ILLINOIS APPELLATE COURT FIFTH DISTRICT ORDER AFFIRMED.
OPINION FILED NOVEMBER 18, 1986.
THE PEOPLE OF THE STATE OF ILLINOIS, PLAINTIFF-APPELLEE,
MICHAEL G. DRAVES, DEFENDANT-APPELLANT.
Appeal from the Circuit Court of Effingham County; the Hon.
Dennis Berkbigler, Judge, presiding.
JUSTICE KARNS DELIVERED THE OPINION OF THE COURT:
Defendant, Michael G. Draves, appeals from an order of the circuit court of Effingham County finding him to be in criminal contempt of court for wilfully refusing to pay court cots, a fine, and restitution. Defendant was sentenced to serve 60 days in the county jail.
On June 5, 1984, defendant pleaded guilty to 16 counts of misdemeanor theft and 2 counts of felony theft. He was sentenced to one year's probation and ordered to perform 240 hours of public service work and to pay restitution, a fine and court costs within 11 months of being placed on probation.
On June 12, 1985, the State filed a petition to show cause why defendant should not be held in contempt of court for his failure to make restitution, pay the court costs and fine, or perform any public service work. An order to show cause was issued to defendant. On September 18, 1985, defendant appeared in court pursuant to the order to show cause and was ordered to pay $10 per week until the court costs, fine and restitution were paid in full. Defendant was discharged from probation on September 26, 1985. The report stated defendant had had a rule to show cause hearing and had been ordered to pay restitution.
Several months later, a warrant for defendant's arrest for failure to pay the restitution, fine and court costs was issued. Defendant appeared in court pursuant to the arrest warrant on January 1, 1986. At the hearing, defendant's counsel reminded the court defendant had already been discharged from probation. The court pointed out that the September 18 order had been entered independently of the original probation order and that the probation report stated defendant was subject to an order to pay restitution. The trial court ruled the September 18 order was still valid and in effect despite defendant's discharge from probation. After concluding defendant's failure to pay was wilful, the court found him guilty of contempt of court and sentenced him to serve 60 days in the county jail.
Defendant argues on appeal the trial court had no authority to find him in contempt of a probation order when he had already been discharged from probation. We disagree with defendant's view of the facts of this cause and find the trial court had authority to find him in contempt.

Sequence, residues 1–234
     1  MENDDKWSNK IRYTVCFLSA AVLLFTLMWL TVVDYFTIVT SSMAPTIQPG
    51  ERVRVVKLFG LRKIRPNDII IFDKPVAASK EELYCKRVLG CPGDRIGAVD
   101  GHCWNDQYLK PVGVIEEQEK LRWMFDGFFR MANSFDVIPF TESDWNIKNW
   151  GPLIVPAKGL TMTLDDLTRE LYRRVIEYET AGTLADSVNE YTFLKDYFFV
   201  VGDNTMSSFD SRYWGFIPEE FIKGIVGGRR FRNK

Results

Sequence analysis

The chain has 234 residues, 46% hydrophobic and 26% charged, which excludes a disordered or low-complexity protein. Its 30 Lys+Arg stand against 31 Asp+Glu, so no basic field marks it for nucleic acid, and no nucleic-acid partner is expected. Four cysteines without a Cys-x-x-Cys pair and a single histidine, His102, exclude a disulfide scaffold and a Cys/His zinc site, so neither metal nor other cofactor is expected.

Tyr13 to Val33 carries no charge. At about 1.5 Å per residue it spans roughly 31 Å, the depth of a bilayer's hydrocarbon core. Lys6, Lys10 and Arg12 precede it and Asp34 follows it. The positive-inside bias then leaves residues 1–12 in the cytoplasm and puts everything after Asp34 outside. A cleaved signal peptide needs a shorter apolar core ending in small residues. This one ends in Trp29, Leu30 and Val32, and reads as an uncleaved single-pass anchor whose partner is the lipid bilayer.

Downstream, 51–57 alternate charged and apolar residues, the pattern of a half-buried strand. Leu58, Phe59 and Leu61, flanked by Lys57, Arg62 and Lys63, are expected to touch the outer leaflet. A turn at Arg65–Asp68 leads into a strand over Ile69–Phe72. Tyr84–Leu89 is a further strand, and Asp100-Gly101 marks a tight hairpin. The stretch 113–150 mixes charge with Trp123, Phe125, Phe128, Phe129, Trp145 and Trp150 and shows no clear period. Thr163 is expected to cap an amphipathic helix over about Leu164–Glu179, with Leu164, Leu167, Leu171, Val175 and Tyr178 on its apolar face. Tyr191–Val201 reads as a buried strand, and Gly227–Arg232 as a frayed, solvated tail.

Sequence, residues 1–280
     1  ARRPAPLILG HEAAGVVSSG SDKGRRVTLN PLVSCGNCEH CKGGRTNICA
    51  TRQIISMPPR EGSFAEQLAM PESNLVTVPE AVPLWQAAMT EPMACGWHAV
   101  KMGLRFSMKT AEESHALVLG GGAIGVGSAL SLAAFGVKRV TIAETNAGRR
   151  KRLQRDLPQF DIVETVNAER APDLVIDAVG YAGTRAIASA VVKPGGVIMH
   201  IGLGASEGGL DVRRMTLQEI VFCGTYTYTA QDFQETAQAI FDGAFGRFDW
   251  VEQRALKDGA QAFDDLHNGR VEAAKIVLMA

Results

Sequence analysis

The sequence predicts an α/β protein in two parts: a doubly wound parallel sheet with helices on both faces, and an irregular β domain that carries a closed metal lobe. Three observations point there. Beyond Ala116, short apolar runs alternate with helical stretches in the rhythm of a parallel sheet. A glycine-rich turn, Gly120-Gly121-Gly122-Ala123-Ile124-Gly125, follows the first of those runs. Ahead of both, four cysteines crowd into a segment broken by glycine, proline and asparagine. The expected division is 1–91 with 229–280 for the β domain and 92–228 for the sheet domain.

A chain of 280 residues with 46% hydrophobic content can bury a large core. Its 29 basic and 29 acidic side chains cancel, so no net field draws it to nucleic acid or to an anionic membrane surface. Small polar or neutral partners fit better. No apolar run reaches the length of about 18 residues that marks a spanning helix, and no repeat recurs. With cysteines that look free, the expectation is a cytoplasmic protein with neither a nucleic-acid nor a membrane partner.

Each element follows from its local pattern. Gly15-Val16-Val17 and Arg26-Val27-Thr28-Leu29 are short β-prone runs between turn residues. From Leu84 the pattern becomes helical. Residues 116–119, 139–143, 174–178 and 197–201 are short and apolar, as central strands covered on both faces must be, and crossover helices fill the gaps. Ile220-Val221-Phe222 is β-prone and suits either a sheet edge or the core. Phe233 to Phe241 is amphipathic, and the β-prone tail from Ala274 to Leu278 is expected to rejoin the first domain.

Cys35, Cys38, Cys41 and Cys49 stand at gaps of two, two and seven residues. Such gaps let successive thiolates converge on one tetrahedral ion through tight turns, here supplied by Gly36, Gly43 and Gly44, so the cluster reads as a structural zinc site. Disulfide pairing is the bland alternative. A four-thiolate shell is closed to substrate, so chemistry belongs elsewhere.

• 1-3 Generally, a circuit court retains jurisdiction over a defendant who is serving a sentence of probation only so long as that period is yet in effect. (People v. Brown (1986), 142 Ill. App.3d 712, 713, 492 N.E.2d 238, 239.) Once the period has lapsed, probation is terminated and there is nothing left to revoke or modify. (People v. Randolph (1981), 98 Ill. App.3d 696, 699, 424 N.E.2d 893, 895, cert. denied (1982), 459 U.S. 857, 74 L.Ed.2d 110, 103 S.Ct. 128.) Here, the State was not attempting to modify or revoke defendant's probation. Rather, the State filed a petition for defendant to show cause why he should not be held in contempt. A contempt proceeding is an original special proceeding, collateral to and independent of the case in which the contempt arises. (People ex rel. Scott v. Silverstein (1981), 87 Ill.2d 167, 172, 429 N.E.2d 483, 486.) As long as the trial court has jurisdiction over the parties and subject matter, the trial court also has jurisdiction to enter an order of contempt. (See People v. Huntley (1986), 144 Ill. App.3d 64, 68, 493 N.E.2d 1193, 1196.) Such was the case in this instance. At the time the State filed its petition and the trial court issued its order on September 18, defendant was still under the authority of the circuit court, for he had not yet been discharged from probation. (See Ill. Rev. Stat. 1985, ch. 38, par. 1005-6-2(d).) The September 18 order requiring defendant to make weekly payments was a valid, separate order not affected by the termination of defendant's actual period of probation. The discharge report itself noted defendant was subject to an order to pay money. This same order was still valid and in effect in January when the second contempt proceeding of which defendant now complains was held. With a valid order before it, the trial court retained jurisdiction over defendant to enter the contempt order sentencing him to the county jail. This second contempt proceeding stemmed not from defendant's violation of the original probation order but rather from defendant's violation of the September 18 order. The termination of defendant's probation therefore had no effect on the trial court's authority to punish defendant in relation to the September 18 order. Courts have inherent power to enforce their orders by way of contempt. (E.g., In re G.B. (1981), 88 Ill.2d 36, 41, 430 N.E.2d 1096, 1098, cert. denied (1982), 456 U.S. 963, 72 L.Ed.2d 487, 102 S.Ct. 2041.) We see no reason to reverse the trial court's determination in this instance.
We also see no reason to decide if this is indirect civil or criminal contempt and whether either designation would have any effect on the outcome of this cause. We find the trial court retained authority over defendant to enter the September 18 order until the date of defendant's discharge from probation. (Cf. People v. Mowery (1983), 116 Ill. App.3d 695, 452 N.E.2d 363.) We do find, however, the reasoning of the dissent in Mowery to be more persuasive. See 116 Ill. App.3d 695, 705-07, 452 N.E.2d 363, 370-72.
For the aforementioned reasons, we affirm the order of the circuit court of Effingham County finding defendant guilty of contempt and sentencing him to serve 60 days in the county jail.
HARRISON and WELCH, JJ., concur.
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